I ran out into the garden last night before it got dark and took these ‘snaps’ (to use a nice old fashioned term). Gardens are so hard to photograph in full sunlight. They bleach out and look flat. They lose the mystery. And it seems to me a garden is all about mystery.
This is our front garden. Or I should say ‘my’ front garden. I’m allowed the front while DLJ has the back. Make of that what you will.
When we arrived here, the house had been in flats for almost fifty years. There was the remnants of a garden. The hydrangeas were there, but mauled by over severe pruning. The tecoma hedge was a mess. It was allowed to grow just enough to hide a garden rubbish bag.
In the five years we have lived here we have encouraged the tecoma hedge along the front wire fence. (Tecoma capensis) is the old fashioned hedge, which used to once be everywhere. It has orange flowers. As kids we used to lick the ‘sugar’ out of the funnel of the flowers as we walked home from school).
The hedge is now just below the eyesight of passersby. DLJ’s idea is to carve a picture window in the hedge. This allows people on the street to look ‘into’ the garden and enjoy the flowers. It also allows us the view of the occasional handsome muscular runner jogging by. So everyone is a winner, you could say.
But like most gardeners I am always looking to the next season. I can see how to improve the summer garden (even though now it is at its height.)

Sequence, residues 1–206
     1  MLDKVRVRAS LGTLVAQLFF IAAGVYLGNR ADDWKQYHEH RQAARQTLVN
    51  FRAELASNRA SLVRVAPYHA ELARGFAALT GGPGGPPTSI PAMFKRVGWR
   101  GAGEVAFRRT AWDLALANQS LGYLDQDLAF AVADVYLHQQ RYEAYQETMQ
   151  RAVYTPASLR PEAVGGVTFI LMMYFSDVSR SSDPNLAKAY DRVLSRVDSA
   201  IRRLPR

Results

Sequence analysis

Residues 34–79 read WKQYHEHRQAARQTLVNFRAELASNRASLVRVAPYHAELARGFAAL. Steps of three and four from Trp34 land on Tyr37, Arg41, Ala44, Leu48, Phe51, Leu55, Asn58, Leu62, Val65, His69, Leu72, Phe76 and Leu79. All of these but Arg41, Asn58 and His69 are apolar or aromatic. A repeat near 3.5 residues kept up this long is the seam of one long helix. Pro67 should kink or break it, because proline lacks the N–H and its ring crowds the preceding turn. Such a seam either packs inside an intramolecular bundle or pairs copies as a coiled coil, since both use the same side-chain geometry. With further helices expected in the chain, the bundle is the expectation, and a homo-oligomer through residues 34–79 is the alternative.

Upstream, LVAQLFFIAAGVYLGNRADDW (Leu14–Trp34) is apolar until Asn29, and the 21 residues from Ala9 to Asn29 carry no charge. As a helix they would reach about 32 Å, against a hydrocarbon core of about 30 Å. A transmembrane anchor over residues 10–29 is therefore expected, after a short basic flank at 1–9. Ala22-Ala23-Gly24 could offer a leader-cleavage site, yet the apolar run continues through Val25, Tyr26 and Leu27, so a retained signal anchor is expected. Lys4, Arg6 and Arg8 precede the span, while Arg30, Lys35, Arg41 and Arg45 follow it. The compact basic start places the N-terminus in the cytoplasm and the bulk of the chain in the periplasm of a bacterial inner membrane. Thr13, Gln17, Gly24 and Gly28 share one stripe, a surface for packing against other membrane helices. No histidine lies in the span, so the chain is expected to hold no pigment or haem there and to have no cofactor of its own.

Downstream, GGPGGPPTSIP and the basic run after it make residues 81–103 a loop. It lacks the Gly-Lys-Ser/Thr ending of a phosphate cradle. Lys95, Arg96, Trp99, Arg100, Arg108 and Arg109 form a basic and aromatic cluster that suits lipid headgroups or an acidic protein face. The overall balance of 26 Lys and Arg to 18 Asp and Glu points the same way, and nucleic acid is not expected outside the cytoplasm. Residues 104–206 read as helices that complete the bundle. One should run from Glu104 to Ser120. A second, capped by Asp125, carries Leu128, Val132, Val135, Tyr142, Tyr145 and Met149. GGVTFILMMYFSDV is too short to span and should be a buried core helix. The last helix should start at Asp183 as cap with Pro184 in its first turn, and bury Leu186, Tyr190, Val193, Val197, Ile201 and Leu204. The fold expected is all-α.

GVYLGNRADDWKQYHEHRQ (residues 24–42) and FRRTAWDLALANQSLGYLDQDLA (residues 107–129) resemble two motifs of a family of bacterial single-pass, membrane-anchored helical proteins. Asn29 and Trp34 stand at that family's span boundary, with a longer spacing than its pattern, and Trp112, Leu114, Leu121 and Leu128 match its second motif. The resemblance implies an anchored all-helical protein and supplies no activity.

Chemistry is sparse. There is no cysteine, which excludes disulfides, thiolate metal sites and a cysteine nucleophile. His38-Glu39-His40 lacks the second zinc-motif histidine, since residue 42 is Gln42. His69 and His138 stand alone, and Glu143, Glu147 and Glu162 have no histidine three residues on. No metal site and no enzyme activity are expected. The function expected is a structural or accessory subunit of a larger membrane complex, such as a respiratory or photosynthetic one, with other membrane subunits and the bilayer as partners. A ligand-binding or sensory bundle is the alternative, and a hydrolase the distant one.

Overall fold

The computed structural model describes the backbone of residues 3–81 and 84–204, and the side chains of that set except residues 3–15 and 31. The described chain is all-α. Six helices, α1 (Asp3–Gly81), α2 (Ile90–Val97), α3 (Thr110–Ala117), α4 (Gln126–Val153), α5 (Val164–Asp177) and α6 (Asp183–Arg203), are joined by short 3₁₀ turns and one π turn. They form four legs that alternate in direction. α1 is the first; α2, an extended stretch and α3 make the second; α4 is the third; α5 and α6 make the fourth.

A hydrangea hedge was very common when I was a kid. There’s something about the rangy bulk of it and that slightly peppery smell of the flowers. They require a lot of space and sprawl everywhere. They fade in the sun and then die away in winter to stalks. But somehow their bravura expenditure of flowers seems to me to be all about summer.
I have twinned these smoko-pink hydreangeas with pink mellow and red chinese lanterns (abutilon). The redder accents are tall hollyhocks wavering in the wind.
A friend who is an accomplished professional gardener took one look at the ‘border’ and saw what was wrong. It should run against the front fence, she said, so we view it from the windows of the house, looking out into the garden. As it is, we tend to see the back of the border.
I know what she means. I well remember a Hawera farm garden which you looked at from inside the house, across a lawn. It always seemed elegant and you felt you lived practically in a palace, but it’s too late to change now. The kaizuku trees are in position, as is a box semi-circle.
Sometimes you have to live with your mistakes.
Our neighbours to the side don’t have a front garden. They have gravel and dirt. To be polite it ‘lacks imagination’.
I want to grow the tecoma hedge on that side of the garden and block them out. There’s enough ugliness in every day actions, in political corruption, in human behaviour. So I choose – we choose – to have one small zone of beauty. I guess that is what this garden – and house – is about.
I love the kind of mystery you get at dusk when you blur your eyes and you suddenly see the garden as it might be, in the future, when it grows.
Dusk is the magic time to be working in the garden and I always find myself lingering out there.
The cats come out and join me.
In my mind’s eye I can almost see how the garden will evolve in the future…
I’m a writer by trade and there are so many similarities to writing and editing and gardening.
But gardening at dusk. Now that’s bliss.